Windows makes using and managing removable devices, such as external hard drives or DVD-writers, smart card readers, USB flash drives, photo and video cameras, MP3-players, etc easy. Just plug the device in, wait for driver installation to complete (if necessary) and start using.
There is a very important catch, though. I've seen many people just unplugging USB storage devices without telling Windows to remove them safely first. Such behavior can sometimes cause loss of data on external data devices (flash drives, hard drives, cameras, players). Usually the worst results appear after unplugging a device while copying or deleting files is still in progress.
Windows does turn off write buffers for external storage devices by default, but people still remove external disks and cards without waiting for operations to complete properly.
Remember, you should always safely remove a storage device before unplugging it from USB or Firewire port! Even if a copy, delete or move progress dialog disappears, the process might still continue for several minutes until the contents have been completely copied to the disk or device.
There are some devices that do not require additional actions before unplugging because no data is stored on these, for example USB scanners and printers.
When you plug an external device in to your computer's USB or Firewire port for the first time, Windows will recognize it and tries to find drivers for it automatically. You do not need to click the message, just stand by.
Most data devices are recognized without any additional actions, just wait until you'll see the message "Your new hardware is installed and ready to use" or "Your device is ready to use":
A small green check mark on USB plug icon appears in Taskbar Notification Area. It is called "Safely Remove Hardware" in Windows XP and Vista and "Safely Remove Hardware and Eject Media" in Windows 7, 8 and 8.1. This is what you will use to safely remove your hardware.
In Windows 7 and later, you might need to click the Show hidden icons button (arrowhead up) to see the green check mark icon.
Your new disk device will also have the first available drive letter (F: in this example) and Type named "Removable Disk" when you open My Computer or Windows Explorer:
When you need to unplug your external data device, click (or right-click) the Safely Remove Hardware (and Eject Media) icon in Notification Area and choose Safely remove <the type of your device> (in Windows XP and Vista) or Eject <the type of your device> (in Windows 7, 8 and 8.1).
In Windows XP and Vista, you have to close all Windows Explorer windows that have the device open, but Windows 7 and newer will close them for you automatically unless the removable device is in use (file copying, moving or deleting is in progress).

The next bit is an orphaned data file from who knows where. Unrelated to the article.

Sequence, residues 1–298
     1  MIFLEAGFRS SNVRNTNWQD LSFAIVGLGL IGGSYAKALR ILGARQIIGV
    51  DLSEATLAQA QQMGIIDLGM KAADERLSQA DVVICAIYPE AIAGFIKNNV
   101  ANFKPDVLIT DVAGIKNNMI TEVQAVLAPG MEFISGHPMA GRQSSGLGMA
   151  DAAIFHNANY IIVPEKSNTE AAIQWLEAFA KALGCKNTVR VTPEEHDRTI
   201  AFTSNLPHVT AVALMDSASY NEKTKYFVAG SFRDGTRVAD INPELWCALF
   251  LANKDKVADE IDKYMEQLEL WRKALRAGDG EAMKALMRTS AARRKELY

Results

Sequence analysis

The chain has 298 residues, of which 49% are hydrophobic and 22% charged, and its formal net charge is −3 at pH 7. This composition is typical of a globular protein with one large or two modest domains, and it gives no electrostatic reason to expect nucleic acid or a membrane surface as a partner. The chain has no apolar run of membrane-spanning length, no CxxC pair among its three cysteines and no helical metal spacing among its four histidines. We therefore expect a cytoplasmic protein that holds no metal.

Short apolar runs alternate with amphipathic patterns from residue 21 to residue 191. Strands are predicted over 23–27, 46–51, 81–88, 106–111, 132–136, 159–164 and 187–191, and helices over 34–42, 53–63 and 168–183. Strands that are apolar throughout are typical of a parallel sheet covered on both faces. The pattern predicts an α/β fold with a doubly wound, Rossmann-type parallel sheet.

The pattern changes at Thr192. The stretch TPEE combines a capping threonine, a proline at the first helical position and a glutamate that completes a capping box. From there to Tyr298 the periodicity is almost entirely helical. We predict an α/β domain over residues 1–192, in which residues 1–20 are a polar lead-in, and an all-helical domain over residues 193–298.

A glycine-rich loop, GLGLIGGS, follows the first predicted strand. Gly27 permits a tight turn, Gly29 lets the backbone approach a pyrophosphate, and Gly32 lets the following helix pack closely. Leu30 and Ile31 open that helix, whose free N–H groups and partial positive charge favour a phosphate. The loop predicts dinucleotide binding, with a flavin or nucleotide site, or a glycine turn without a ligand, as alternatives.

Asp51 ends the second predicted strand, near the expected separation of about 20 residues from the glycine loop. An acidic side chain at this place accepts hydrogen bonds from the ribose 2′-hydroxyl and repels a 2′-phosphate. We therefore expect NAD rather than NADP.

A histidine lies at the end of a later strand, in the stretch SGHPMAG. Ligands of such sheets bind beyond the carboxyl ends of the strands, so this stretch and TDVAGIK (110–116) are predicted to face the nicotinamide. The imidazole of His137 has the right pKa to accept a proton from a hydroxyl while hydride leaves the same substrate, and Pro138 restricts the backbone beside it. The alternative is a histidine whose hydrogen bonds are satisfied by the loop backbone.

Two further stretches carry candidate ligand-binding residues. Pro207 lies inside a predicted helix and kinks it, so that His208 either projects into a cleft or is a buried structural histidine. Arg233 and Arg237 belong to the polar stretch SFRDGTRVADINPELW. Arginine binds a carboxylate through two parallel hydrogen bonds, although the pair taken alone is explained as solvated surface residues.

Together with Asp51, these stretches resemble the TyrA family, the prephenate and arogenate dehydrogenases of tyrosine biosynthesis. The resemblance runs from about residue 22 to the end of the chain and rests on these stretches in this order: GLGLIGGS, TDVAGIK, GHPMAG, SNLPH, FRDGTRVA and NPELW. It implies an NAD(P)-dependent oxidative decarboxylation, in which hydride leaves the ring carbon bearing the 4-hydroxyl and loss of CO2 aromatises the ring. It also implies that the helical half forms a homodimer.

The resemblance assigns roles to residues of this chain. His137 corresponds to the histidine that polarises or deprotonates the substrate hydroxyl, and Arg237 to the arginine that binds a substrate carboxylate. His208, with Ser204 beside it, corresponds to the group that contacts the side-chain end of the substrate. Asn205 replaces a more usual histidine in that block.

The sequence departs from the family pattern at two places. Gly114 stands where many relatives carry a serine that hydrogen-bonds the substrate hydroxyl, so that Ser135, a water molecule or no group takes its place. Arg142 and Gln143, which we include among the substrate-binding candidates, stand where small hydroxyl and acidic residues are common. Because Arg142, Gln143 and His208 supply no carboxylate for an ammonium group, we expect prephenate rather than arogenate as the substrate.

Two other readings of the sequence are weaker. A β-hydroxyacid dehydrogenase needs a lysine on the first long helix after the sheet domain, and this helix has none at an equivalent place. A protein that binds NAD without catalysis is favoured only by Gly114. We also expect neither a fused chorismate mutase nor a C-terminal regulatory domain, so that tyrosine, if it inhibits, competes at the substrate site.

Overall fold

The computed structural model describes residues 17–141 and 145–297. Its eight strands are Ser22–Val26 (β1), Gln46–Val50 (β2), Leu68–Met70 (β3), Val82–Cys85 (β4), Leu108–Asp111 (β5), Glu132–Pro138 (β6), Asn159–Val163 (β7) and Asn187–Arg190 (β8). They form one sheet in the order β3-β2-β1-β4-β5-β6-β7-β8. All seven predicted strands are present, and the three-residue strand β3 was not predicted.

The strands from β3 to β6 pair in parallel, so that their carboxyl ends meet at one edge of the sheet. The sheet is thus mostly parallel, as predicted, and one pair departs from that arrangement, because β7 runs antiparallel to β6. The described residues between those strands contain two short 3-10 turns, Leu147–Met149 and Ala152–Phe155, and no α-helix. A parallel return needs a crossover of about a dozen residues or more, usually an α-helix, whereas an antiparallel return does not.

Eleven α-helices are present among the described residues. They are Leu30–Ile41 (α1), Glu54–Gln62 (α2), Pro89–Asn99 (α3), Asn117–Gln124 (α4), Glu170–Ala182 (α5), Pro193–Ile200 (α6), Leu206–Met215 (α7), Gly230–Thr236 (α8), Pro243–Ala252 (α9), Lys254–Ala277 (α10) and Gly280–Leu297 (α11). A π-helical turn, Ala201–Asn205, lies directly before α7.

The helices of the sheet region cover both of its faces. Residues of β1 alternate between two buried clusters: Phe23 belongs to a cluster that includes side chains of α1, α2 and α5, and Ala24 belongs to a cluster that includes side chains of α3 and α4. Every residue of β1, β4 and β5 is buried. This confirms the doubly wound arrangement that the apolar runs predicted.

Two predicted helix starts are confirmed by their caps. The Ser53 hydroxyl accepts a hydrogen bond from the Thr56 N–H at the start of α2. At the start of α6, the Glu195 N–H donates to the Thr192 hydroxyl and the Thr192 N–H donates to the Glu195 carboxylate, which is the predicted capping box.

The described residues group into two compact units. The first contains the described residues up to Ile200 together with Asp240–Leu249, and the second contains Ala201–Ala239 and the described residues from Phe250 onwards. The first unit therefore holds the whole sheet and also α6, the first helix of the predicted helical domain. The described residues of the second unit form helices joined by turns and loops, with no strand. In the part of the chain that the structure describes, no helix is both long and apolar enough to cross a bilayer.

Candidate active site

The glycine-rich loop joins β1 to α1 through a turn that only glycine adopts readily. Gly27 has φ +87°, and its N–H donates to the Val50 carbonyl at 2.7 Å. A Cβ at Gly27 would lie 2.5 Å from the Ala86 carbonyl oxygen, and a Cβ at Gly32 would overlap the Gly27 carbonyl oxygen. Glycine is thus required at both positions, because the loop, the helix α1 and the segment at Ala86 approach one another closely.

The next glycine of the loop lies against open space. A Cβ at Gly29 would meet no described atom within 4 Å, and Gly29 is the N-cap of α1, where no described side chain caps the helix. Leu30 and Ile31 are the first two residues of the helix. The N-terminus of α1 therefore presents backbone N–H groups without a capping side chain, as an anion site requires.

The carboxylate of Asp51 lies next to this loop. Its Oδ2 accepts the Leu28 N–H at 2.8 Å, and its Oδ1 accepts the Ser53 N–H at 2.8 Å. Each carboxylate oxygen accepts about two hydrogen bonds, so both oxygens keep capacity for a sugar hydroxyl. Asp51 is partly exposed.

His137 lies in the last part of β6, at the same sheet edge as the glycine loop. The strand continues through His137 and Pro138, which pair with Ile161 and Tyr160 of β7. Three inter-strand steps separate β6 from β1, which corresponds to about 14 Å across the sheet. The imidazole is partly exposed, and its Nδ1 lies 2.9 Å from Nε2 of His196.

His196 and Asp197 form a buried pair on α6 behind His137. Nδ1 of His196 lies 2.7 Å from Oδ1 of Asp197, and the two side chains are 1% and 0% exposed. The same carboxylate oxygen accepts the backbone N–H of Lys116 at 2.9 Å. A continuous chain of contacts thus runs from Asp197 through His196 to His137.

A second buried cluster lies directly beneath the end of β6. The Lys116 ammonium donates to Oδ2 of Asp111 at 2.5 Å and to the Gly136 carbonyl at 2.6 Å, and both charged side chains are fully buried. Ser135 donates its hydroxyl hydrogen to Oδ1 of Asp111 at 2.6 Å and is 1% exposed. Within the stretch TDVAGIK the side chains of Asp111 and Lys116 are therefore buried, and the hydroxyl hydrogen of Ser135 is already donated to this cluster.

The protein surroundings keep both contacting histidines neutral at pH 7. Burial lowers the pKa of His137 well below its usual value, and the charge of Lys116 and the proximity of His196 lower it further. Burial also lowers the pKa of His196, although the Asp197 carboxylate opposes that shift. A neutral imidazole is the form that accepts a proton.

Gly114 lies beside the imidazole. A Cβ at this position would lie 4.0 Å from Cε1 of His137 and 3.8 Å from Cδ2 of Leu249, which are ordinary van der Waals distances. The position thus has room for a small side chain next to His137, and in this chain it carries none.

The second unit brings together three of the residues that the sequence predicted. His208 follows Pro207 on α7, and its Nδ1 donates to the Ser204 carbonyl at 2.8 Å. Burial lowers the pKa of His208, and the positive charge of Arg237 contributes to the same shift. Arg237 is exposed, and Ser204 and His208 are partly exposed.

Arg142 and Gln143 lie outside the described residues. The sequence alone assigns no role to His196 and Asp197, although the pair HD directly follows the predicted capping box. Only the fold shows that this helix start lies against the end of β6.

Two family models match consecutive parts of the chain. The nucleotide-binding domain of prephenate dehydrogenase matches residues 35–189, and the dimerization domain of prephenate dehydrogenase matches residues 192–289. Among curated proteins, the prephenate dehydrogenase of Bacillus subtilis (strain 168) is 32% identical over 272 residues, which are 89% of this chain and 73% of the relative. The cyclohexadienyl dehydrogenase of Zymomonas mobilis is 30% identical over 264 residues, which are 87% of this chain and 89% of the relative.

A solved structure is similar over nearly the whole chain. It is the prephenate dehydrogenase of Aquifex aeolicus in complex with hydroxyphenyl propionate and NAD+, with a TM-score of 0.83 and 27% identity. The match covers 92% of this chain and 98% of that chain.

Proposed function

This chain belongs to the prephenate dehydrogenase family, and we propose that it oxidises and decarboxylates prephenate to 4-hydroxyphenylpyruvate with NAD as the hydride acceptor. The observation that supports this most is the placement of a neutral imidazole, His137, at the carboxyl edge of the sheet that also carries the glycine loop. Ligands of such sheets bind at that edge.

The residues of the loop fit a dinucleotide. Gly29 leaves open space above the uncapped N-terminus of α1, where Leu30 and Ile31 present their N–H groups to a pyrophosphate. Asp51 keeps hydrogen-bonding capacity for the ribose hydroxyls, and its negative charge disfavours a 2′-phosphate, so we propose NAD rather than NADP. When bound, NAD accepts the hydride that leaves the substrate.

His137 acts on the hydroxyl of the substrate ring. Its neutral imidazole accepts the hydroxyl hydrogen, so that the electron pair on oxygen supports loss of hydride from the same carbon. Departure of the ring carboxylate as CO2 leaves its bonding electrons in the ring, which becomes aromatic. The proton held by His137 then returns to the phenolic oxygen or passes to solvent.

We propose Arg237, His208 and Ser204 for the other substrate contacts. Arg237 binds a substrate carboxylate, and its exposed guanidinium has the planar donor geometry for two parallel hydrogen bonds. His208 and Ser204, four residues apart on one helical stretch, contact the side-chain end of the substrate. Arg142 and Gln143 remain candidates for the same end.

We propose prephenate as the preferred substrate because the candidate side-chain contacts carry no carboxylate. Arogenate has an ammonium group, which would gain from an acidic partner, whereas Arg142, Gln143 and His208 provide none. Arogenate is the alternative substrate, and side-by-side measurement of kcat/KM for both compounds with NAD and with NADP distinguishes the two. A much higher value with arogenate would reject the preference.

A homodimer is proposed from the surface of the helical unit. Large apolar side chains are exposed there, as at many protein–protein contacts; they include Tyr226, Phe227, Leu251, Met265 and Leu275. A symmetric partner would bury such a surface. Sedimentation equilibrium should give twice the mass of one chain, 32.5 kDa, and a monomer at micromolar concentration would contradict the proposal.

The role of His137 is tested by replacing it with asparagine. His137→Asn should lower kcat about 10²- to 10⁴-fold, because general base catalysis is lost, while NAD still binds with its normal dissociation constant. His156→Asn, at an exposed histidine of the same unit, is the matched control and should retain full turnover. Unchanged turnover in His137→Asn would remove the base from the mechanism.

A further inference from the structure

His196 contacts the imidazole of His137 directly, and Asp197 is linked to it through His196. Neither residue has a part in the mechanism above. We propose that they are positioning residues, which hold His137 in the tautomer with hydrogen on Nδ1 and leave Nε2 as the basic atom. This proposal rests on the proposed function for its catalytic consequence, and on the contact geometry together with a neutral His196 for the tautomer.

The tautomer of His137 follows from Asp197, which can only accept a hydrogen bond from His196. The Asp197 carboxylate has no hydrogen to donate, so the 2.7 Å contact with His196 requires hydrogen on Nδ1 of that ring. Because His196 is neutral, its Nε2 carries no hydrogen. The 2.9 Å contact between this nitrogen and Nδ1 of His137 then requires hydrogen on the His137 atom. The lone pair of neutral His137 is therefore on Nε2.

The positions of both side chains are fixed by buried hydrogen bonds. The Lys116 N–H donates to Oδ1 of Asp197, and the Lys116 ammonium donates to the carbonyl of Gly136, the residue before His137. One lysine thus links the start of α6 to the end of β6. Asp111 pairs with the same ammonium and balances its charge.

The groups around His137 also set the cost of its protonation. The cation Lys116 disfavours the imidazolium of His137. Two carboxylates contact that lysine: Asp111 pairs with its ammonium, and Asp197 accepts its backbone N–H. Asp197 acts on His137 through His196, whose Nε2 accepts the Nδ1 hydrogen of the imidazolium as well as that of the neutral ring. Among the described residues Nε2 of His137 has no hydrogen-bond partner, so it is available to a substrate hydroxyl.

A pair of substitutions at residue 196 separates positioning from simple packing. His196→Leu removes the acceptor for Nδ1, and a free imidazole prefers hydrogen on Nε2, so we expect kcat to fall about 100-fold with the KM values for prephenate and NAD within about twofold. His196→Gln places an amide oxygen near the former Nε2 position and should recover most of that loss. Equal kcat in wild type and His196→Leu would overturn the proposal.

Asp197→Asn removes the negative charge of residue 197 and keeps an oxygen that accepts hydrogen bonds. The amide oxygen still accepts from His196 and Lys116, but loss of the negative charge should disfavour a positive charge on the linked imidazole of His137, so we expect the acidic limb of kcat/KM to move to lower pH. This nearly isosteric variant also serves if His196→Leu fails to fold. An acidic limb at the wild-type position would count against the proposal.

If everything is fine and nothing is using the device, Windows XP, 7, 8 and 8.1 users will see a pop-up message that it is now safe to remove your device. Windows Vista will open a dialog window for this.
If some program is still using the device, you will see a warning message. Click OK to close it.
Close all programs that are using the data device and try again after ten seconds.
If a USB flash disk, external hard disk or memory card has already been removed improperly and file system has been damaged, the Do you want to scan and fix Removable Disk dialog in Windows Vista and 7 appears after you reconnect the device. Always click Scan and fix (recommended) to prevent possible data loss.
In Windows 8 and 8.1, a notification appears on top right of screen (called Toast notification), stating "There's a problem with this drive. Scan the drive now and fix it." Click the notification.
In Windows Vista and 7, Check Disk will appear. By default, Automatically fix file system errors is already selected, so continue by clicking Start.
In Windows 8 and 8.1, Repair this drive dialog appears. Click Repair drive.
After repairing the file system problems, a Some problems were found and fixed dialog appears. Click Close.
Please eject your device safely the next time.
You can also select between two policies for removable storage devices - quick removal and performance. The first one is turned on by default and it disables write caching to minimize the data loss possibility in case a user unplugs a device without ejecting it safely first.
The second one turns on write buffers and this enhances writing speed of the device. But you must always remove this hardware safely, because files might not be copied or written to the disk completely even if no activity indicator is on or blinking. If you select this one, it is recommended to use UPS (Uninterruptible Power Supply) to minimize the probability of data loss during unexpected power outages.
To open Device Manager, right-click (My) Computer icon on Desktop or in Start menu. Click Properties.
In Windows XP, System Properties window opens. Open Hardware tab and click Device Manager.
In Windows Vista, 7, 8 and 8.1, click Device Manager in the left part of Basic system information window.
In Windows Vista, click Continue in the User Account Control dialog.
In Device Manager window, expand Disk drives section and locate the removable drive. It usually includes its connector type, such as USB or FireWire in the name.
Right-click the drive and select Properties from the menu.
Open the Policies tab.
In Windows XP, select Optimize for performance to speed up the storage device. Optimize for quick removal disables write caching, but reduces the possibility of data loss.
In Windows Vista and later, the options are named Better performance and Quick removal (default).
Click OK after making changes.